Physics Stack Exchange is a question and answer site for active researchers, academics and students of physics. Join them; it only takes a minute:

Sign up
Here's how it works:
  1. Anybody can ask a question
  2. Anybody can answer
  3. The best answers are voted up and rise to the top

This is a conceptual question in a solution I am trying to understand.

Problem statement: I have a balloon with a volume of V $m^3$. The outside air temp is $K$ kelvin and mass to lift is $m$ kg.

I am to find the temperature inside the balloon to barely lift the given mass.

The formula used is $F_{b}=ρgV$


I know that in order for the balloon to lift $F_b > F_g$ (subscript $b$ = buoyancy and subscript $g$ is gravity force)

Using $F_{b}=ρgV$ I tried taking the differences of the two air densities and setting it equal to the mass I need to lift. As seen here.


Concern: Since $ρVg=F_{b}$ I understand this as there are THREE acting forces;

One inside the balloon and one outside the balloon(which is in the NEGATIVE y-direction(drag?)) and mg. I find this strange since the balloon is not moving.

share|cite|improve this question
up vote 2 down vote accepted

The force balance

There are indeed 3 contributions to the nett force. You have gravity acting on the mass you want to lift so $F_{g,1}=mg$. However you are also lifting the air inside the balloon: $F_{g,2}=m_{balloon} g= \rho_{balloon}V g$. At the same time the mass of air is pushing down: $F_{g,3}=m_{air} g = \rho_{air}V g$.

So: $(\rho_{air}-\rho_{balloon})V g=m g$ which yields $$\rho_{balloon}=\rho_{air}-\frac{m}{V}$$

You can interpret the term with the difference in densities in two ways, you can view it as 1 force which becomes 0 for equal densities or you can view it as 2 forces which balance when densities are equal. The latter is the standard convention, but I think your confusing stems from the former interpretation.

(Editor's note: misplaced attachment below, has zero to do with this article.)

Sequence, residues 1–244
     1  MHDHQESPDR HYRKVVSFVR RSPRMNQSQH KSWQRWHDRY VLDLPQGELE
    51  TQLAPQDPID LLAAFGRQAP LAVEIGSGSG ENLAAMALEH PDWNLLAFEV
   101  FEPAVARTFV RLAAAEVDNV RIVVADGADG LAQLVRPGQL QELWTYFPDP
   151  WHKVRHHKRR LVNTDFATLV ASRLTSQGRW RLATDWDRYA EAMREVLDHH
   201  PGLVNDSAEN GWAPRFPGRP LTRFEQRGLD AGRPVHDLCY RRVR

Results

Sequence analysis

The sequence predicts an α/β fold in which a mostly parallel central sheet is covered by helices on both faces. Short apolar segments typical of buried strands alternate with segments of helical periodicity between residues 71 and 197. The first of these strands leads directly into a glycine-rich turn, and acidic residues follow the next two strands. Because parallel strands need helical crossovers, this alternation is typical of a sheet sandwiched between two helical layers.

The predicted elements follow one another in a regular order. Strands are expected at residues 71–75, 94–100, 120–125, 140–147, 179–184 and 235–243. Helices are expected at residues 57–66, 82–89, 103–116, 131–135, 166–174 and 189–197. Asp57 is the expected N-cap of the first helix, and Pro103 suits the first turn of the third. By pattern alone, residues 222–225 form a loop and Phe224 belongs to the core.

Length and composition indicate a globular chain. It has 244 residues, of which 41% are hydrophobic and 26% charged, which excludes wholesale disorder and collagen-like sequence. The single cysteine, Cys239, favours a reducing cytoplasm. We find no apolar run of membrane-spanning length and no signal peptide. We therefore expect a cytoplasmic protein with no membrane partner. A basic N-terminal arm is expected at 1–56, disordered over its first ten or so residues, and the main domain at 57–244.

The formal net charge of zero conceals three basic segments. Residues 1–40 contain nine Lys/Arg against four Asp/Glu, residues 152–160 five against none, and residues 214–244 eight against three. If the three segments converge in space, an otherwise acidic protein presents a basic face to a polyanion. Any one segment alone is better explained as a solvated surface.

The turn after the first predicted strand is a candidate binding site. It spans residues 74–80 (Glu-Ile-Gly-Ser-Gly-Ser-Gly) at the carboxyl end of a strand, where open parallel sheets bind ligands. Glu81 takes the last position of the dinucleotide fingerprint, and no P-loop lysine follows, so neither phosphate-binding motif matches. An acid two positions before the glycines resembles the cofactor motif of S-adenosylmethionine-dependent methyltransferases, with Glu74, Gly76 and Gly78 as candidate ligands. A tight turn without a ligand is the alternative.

The temperature inside your balloon

Your question doesn't completely stop there, because now you want to known to what temperature you should go. The simplest assumption to start with is to assume that air behaves as an ideal gas which means: $$ P M = \rho R T $$ where $P$ is the pressure, $M$ the molecular mass, $\rho$ the density, $R$ the gas constant and $T$ the temperature.

The gas in the balloon is heated, but it can still equilibrate pressure with the outside air because of the opening. Obviously the gas constant and the molecular mass don't change so we can find the density in the balloon as $$\rho_{balloon}= \frac{P M}{R T_{balloon}} $$

For the surrounding air we can do something similar: $$\rho_{air}= \frac{P M}{R T_{air}} $$

So our equation becomes $\frac{P M}{R T_{balloon}} =\frac{P M}{R T_{air}}-\frac{m}{V}$ which can be rewritten for the tempearture in the balloon to:

$$T_{balloon} =\left(\frac{1}{T_{air}}-\frac{mR}{PVM}\right)^{-1}$$

This equation nicely shows that an increase in mass to lift ($m$) will result in a higher temperature for the air in the balloon, but for example also that a higher pressure (nice weather) will result in a lower temperature necessary to lift the same mass on a bad weather day.

share|cite|improve this answer

These are the tree forces in your equation:

The gravitational force on the lifted weight: $mg$

The gravitational force on the balloon: $m_{balloon}g=\rho_{balloon}Vg$

The buooyancy force on the balloon: $\rho_{air}Vg$

For the balloon to lift, the sum of the first two must be equal or less than the third:

$$ mg+\rho_{balloon}Vg=\rho_{air}Vg $$

Which can be rewritten:

$$ mg=(\rho_{air}-\rho_{balloon})Vg $$

share|cite|improve this answer

Your Answer


By posting your answer, you agree to the privacy policy and terms of service.

Not the answer you're looking for? Browse other questions tagged or ask your own question.